Mrs Oscar Wilde
Mon 3 Oct, Cottesloe
Constance and Oscar Wilde’s lifestyle shook the foundations of 19th-century society; drawing on Constance’s letters, Franny Moyle’s book examines another victim of an infamous betrayal.

Mike Leigh
Tue 4 Oct, Olivier
The award-winning director talks about his new play.

Arnold Wesker
Wed 5 Oct, Olivier
The playwright reads from his one-woman play, Annie Wobbler, in which he discusses, for the only time in his fiction, the process of writing.

Bonnie Greer on Langston Hughes
Tue 11 Oct, Cottesloe
Bonnie Greer’s new biography gives an insight into the controversial and contradictory life of the African-American poet, novelist, campaigner and playwright.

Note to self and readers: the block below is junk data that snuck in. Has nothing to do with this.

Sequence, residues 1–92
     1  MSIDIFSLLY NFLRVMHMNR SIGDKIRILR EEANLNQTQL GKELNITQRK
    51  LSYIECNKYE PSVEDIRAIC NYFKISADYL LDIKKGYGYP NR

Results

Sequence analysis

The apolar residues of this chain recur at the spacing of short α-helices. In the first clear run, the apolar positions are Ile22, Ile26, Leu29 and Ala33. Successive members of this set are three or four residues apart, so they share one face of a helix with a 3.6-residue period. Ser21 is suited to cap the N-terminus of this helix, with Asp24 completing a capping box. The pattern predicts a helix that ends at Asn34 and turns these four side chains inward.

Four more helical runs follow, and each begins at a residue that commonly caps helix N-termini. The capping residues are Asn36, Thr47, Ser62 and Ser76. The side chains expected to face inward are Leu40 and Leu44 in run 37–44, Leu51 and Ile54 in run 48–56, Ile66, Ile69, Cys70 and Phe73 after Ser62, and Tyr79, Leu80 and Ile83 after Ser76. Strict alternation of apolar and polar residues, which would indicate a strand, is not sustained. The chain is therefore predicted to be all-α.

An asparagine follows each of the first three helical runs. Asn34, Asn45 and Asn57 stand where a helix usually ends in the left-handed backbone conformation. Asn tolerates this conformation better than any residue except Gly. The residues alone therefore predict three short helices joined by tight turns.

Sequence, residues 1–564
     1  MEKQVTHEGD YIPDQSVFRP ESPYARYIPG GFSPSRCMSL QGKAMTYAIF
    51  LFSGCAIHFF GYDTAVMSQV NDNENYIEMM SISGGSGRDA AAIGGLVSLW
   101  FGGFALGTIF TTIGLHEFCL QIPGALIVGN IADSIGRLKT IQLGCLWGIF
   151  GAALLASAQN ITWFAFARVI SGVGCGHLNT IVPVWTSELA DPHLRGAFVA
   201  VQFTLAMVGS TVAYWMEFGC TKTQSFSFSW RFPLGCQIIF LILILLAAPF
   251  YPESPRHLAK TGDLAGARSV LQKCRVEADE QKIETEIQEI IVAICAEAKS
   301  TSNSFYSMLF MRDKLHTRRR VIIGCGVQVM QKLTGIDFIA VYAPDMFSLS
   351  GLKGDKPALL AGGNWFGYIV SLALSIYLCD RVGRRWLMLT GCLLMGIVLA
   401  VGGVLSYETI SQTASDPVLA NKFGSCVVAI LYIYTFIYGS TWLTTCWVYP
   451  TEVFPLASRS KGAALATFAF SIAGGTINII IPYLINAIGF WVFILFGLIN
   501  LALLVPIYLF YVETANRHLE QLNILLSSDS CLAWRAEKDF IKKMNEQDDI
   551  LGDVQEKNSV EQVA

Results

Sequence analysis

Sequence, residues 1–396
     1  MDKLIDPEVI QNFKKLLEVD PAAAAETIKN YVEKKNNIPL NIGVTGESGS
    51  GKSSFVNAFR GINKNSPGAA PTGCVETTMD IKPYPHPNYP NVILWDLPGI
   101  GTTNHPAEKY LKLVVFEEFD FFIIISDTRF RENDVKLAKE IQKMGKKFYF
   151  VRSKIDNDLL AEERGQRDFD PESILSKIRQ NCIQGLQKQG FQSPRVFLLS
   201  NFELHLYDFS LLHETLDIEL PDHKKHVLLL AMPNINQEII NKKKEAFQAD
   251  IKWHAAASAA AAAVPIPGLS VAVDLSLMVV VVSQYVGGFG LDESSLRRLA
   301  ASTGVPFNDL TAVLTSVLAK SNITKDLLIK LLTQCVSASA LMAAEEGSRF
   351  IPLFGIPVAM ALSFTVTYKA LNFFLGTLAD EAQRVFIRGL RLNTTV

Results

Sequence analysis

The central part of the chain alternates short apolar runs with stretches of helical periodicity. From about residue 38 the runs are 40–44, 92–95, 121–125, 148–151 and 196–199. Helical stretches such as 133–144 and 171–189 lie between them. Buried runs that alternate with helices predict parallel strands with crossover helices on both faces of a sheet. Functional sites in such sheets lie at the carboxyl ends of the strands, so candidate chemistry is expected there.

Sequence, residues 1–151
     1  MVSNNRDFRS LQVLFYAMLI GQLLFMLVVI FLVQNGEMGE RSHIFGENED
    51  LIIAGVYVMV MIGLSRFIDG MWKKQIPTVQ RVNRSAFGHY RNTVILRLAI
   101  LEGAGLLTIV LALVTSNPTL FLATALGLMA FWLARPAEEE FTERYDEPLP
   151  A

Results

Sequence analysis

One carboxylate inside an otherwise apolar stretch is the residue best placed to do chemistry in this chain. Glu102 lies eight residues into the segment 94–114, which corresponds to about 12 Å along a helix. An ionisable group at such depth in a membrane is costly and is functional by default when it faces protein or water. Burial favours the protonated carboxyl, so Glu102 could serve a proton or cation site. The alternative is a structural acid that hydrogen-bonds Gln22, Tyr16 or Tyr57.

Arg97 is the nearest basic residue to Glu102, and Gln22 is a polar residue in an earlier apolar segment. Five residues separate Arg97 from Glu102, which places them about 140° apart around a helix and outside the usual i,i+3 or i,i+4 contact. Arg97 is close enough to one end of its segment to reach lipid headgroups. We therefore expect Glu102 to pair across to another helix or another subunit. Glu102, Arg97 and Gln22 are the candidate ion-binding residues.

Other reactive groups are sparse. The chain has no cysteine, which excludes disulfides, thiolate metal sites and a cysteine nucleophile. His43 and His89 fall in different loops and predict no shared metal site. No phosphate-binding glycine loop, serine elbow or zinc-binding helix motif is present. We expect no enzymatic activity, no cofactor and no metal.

Craig Brown and Friends
Fri 14 Oct, Cottesloe
The satirist and guests perform One on One, a daisy chain of 101 meetings, from Bacon heckling Princess Margaret to Edward Heath carol-singing for Sickert.

Black Voices
Mon 17 Oct, Lyttelton
Paterson Joseph is joined by several generations of Black British actors to discuss the identity of the modern black voice in British theatre today.

Conor McPherson on The Veil
Tue 25 Oct, Lyttelton
The playwright and director discusses his new play.

James Corden
Mon 31 Oct, Lyttelton
The multi-talented James Corden talks about his recent memoir.

Melvyn Bragg
Sat 5 Nov, 10.30am, Lyttelton
The broadcaster and author looks at the radical impact of The King James Bible over the last 400 years in The Book of Books.